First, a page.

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Interview+Album Review: Psyclon Nine - Less To Heaven

Nero returns to us with a masterpiece of an album. Less To Heaven is an incredible journey of interlacing sounds and experimentation that brings his particular genre of industrial to new life.

I never thought I would describe aggrotech as sexy but here we are, this album and its imagery are sexy A.F!

Having said that, I don't want to detract from the skill and talent so vividly on display with this release and I am glad I was able to ask some question to the legend himself..


The music of Psyclon Nine is not for the faint-hearted. The brainchild of Nero Bellum, the dark, aggressive electronic assault of his group’s 2003 debut album ‘Divine Infekt’ immediately earned them popularity and notoriety worldwide. Its follow-up, ‘INRI’ (2005), displayed a marked evolution with a lyrical focus on religious themes. In the ensuing years, Bellum's music has taken him down an even darker path, his distinctive whispered-scream vocals guiding us through an idiosyncratic take on modern underground music that has implemented elements of black metal and post-punk influences that, although often featuring haunting melodies, has often had an undercurrent of unbridled menace. The new album, ‘Less To Heaven’, is a complex and immersive work that sees Psyclon Nine at a creative peak, with concussive, machine-precise drums, hammering guitars, scathing vocals and evil electronics all interplaying seamlessly. It also sees the group charting undefined musical territory that bridges elements of metalcore with doom electronics, trip-techno with black metal, and experimental cinematic soundscapes with alternative rock. While many acts have a constant faster-louder approach to industrial-black metal, Bellum is unafraid to use all manner of tempos to build atmosphere. This is evident in the record’s first single, the seething ‘Money And Sex And Death', which builds with writhing tension, like a snake preparing to strike its victim, before exploding into an all out audio assault.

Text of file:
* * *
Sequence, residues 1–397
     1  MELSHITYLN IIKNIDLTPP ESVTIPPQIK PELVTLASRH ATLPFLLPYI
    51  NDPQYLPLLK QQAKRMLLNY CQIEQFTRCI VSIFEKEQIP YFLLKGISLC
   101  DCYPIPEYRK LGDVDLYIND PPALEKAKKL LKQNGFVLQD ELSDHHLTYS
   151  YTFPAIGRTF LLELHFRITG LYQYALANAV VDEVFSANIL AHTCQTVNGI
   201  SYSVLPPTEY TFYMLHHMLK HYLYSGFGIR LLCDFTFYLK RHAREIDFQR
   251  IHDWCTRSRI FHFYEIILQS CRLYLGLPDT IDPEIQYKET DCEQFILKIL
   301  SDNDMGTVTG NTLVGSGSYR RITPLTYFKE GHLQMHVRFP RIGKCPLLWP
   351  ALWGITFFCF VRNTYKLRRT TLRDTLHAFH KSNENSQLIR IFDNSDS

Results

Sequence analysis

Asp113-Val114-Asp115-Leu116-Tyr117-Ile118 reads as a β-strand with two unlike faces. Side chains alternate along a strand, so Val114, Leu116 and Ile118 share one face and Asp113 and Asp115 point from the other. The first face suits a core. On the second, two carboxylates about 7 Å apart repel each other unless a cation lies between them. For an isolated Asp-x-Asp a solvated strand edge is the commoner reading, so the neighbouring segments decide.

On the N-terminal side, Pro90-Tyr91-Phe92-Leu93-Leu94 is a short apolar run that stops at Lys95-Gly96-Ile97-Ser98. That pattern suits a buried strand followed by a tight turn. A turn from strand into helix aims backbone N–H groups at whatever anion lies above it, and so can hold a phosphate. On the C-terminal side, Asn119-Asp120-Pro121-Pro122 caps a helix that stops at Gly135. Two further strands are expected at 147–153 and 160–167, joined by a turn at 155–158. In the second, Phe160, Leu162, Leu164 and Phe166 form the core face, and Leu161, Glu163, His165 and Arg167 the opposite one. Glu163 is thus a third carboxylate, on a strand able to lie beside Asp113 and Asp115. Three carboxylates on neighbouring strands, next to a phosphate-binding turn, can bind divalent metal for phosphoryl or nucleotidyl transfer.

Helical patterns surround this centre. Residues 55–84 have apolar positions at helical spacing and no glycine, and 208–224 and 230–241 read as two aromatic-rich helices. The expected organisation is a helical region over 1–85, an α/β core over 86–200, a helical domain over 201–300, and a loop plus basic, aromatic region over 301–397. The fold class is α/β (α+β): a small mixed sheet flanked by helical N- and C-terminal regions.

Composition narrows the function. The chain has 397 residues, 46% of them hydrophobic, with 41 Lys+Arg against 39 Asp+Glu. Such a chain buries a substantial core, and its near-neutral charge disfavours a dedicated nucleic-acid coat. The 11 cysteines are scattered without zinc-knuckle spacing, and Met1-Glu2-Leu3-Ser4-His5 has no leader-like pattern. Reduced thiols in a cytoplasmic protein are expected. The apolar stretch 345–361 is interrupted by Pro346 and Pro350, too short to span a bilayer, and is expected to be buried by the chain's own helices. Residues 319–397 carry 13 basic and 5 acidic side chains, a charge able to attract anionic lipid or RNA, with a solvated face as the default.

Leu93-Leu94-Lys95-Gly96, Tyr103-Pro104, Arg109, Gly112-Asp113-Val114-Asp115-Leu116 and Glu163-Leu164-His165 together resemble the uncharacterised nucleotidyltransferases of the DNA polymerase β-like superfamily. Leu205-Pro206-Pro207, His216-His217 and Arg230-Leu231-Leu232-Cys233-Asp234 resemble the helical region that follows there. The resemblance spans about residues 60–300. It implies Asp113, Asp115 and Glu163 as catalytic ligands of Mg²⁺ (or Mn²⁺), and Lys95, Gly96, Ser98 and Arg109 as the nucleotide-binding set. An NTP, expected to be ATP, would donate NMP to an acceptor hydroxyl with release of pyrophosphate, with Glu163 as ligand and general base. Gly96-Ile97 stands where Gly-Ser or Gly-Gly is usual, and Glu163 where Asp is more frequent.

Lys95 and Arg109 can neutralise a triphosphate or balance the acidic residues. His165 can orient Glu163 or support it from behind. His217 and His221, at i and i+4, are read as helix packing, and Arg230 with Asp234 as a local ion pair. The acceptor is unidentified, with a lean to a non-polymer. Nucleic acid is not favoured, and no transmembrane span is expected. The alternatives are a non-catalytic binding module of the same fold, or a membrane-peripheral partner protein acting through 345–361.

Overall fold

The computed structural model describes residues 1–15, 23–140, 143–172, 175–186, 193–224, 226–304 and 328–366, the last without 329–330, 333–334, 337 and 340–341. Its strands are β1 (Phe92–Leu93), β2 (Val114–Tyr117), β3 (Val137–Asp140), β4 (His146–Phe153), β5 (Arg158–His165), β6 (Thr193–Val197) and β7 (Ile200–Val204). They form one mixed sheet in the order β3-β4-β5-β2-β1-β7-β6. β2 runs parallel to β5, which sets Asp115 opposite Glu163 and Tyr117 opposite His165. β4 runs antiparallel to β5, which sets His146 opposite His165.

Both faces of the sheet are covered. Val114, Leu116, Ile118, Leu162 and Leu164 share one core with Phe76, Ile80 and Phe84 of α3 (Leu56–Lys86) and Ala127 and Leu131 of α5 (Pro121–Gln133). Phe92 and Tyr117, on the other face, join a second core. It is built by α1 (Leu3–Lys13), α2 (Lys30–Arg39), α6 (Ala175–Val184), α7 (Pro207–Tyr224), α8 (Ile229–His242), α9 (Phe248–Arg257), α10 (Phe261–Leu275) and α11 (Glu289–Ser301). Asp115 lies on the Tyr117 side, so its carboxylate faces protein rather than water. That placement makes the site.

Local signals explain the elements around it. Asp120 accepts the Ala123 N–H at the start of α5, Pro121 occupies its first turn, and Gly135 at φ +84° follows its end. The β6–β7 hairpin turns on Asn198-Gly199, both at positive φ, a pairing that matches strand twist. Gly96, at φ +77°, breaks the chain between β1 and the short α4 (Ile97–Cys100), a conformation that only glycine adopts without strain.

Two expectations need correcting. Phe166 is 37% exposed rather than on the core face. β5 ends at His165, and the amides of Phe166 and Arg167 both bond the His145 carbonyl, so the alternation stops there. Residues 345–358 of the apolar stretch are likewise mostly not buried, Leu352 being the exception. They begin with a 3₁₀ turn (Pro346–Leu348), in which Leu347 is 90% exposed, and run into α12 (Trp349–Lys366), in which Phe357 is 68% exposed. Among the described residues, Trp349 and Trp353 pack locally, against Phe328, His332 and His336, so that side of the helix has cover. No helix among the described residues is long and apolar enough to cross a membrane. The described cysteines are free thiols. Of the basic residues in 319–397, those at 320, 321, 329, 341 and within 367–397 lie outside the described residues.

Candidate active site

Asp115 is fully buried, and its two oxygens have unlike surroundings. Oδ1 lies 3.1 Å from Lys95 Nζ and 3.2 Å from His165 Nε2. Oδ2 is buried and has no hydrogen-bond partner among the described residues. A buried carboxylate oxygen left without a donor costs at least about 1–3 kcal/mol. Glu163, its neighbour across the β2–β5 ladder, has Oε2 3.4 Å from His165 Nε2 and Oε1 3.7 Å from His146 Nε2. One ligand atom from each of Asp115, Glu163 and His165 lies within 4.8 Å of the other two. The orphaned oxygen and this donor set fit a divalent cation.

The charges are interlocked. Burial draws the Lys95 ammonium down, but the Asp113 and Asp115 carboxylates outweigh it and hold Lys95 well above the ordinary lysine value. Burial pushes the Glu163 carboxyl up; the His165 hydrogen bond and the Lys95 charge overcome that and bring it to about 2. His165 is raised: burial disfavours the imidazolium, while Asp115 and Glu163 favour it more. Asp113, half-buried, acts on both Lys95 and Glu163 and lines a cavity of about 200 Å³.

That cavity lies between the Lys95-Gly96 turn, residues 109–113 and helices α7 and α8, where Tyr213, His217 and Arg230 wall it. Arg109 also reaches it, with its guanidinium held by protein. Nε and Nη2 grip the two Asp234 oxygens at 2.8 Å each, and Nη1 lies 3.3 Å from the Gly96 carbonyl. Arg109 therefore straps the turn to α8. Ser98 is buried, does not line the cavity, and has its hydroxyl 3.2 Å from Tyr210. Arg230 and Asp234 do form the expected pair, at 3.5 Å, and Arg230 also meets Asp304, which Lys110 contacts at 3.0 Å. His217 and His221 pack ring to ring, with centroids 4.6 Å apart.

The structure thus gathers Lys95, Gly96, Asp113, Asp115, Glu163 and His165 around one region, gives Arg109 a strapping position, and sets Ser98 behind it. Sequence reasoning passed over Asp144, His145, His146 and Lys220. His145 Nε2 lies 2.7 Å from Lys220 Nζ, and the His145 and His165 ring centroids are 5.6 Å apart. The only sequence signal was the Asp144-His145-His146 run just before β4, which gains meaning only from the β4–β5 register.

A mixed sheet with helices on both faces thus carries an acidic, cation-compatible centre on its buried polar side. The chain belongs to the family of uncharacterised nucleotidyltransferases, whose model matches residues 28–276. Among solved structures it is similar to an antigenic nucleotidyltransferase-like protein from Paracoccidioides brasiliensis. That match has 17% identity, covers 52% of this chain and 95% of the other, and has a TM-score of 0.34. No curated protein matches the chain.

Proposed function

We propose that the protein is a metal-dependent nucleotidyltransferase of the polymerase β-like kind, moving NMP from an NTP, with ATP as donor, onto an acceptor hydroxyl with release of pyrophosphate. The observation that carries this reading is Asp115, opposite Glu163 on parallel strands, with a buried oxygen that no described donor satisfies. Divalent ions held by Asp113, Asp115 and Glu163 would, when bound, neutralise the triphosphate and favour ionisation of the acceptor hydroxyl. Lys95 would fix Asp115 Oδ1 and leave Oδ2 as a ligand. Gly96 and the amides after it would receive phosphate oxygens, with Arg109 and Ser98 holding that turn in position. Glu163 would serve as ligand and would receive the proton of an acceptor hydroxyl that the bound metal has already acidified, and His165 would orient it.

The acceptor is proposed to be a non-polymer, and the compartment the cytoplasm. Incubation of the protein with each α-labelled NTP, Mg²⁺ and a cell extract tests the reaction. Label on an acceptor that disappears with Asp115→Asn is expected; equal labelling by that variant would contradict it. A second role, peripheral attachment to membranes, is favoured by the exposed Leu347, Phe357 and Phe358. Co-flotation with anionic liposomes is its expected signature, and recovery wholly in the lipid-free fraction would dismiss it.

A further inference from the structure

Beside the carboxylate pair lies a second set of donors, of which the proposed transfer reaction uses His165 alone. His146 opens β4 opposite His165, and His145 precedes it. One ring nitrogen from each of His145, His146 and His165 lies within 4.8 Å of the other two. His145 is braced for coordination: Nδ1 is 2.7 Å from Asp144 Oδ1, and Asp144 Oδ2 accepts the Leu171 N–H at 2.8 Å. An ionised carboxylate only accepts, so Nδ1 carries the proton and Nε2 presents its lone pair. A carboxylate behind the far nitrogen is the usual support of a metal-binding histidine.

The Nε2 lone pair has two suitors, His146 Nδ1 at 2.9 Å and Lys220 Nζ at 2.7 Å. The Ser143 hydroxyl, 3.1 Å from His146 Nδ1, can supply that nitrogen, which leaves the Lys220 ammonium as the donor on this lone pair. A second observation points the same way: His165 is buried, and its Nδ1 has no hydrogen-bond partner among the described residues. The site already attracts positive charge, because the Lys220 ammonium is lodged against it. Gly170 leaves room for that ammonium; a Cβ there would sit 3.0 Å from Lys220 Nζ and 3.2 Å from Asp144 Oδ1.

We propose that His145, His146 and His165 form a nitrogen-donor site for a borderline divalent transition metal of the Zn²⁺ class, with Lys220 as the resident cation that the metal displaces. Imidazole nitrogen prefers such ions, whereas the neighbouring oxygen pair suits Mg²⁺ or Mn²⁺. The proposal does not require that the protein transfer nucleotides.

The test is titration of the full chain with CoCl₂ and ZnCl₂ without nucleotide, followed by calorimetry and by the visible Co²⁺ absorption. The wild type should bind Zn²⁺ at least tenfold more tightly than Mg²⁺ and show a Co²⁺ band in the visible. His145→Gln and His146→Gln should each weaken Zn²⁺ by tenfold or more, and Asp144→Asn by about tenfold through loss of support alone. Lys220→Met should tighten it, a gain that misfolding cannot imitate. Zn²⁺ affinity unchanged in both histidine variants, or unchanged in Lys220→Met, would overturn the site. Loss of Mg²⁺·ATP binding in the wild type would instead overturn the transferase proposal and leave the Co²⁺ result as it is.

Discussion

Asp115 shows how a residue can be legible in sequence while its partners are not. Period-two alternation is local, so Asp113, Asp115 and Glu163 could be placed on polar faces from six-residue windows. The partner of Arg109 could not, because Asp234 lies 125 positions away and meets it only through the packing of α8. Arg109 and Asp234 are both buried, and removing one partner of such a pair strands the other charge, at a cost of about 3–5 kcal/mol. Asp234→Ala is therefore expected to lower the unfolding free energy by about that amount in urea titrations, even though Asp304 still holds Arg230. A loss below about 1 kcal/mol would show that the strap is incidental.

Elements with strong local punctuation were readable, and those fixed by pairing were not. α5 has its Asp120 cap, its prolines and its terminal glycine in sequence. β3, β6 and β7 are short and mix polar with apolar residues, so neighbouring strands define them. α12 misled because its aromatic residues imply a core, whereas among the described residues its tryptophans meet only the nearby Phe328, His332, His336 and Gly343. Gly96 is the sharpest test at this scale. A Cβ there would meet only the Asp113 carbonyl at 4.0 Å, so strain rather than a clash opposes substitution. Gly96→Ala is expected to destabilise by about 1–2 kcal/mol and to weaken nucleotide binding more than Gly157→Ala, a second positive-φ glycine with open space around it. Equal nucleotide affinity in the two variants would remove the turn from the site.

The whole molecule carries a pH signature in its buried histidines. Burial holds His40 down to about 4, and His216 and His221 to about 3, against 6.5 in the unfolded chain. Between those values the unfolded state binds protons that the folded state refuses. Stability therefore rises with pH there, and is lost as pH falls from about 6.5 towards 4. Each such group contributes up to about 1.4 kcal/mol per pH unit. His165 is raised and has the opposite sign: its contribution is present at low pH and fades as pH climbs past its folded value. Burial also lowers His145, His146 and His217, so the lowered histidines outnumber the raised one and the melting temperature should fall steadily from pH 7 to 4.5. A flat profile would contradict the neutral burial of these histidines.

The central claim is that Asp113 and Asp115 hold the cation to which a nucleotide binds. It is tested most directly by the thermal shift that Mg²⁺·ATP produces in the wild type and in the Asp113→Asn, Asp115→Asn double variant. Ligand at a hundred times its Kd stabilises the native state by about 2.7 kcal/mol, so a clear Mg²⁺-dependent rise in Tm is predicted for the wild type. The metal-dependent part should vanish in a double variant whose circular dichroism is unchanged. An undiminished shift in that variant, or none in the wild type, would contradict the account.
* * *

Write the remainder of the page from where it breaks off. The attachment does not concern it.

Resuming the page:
Bellum states of the song that..

“It was inspired by the excitement we feel when we see the world burning around us and the abhorrent personal truths that we hold as sacred. The misery of others has never been viewed by so many angles, and strictly for our entertainment. With ‘Money And Sex And Death’ I am presenting your reflection to yourself.”

(Possibly some of the best promo pics of an artist I have ever seen)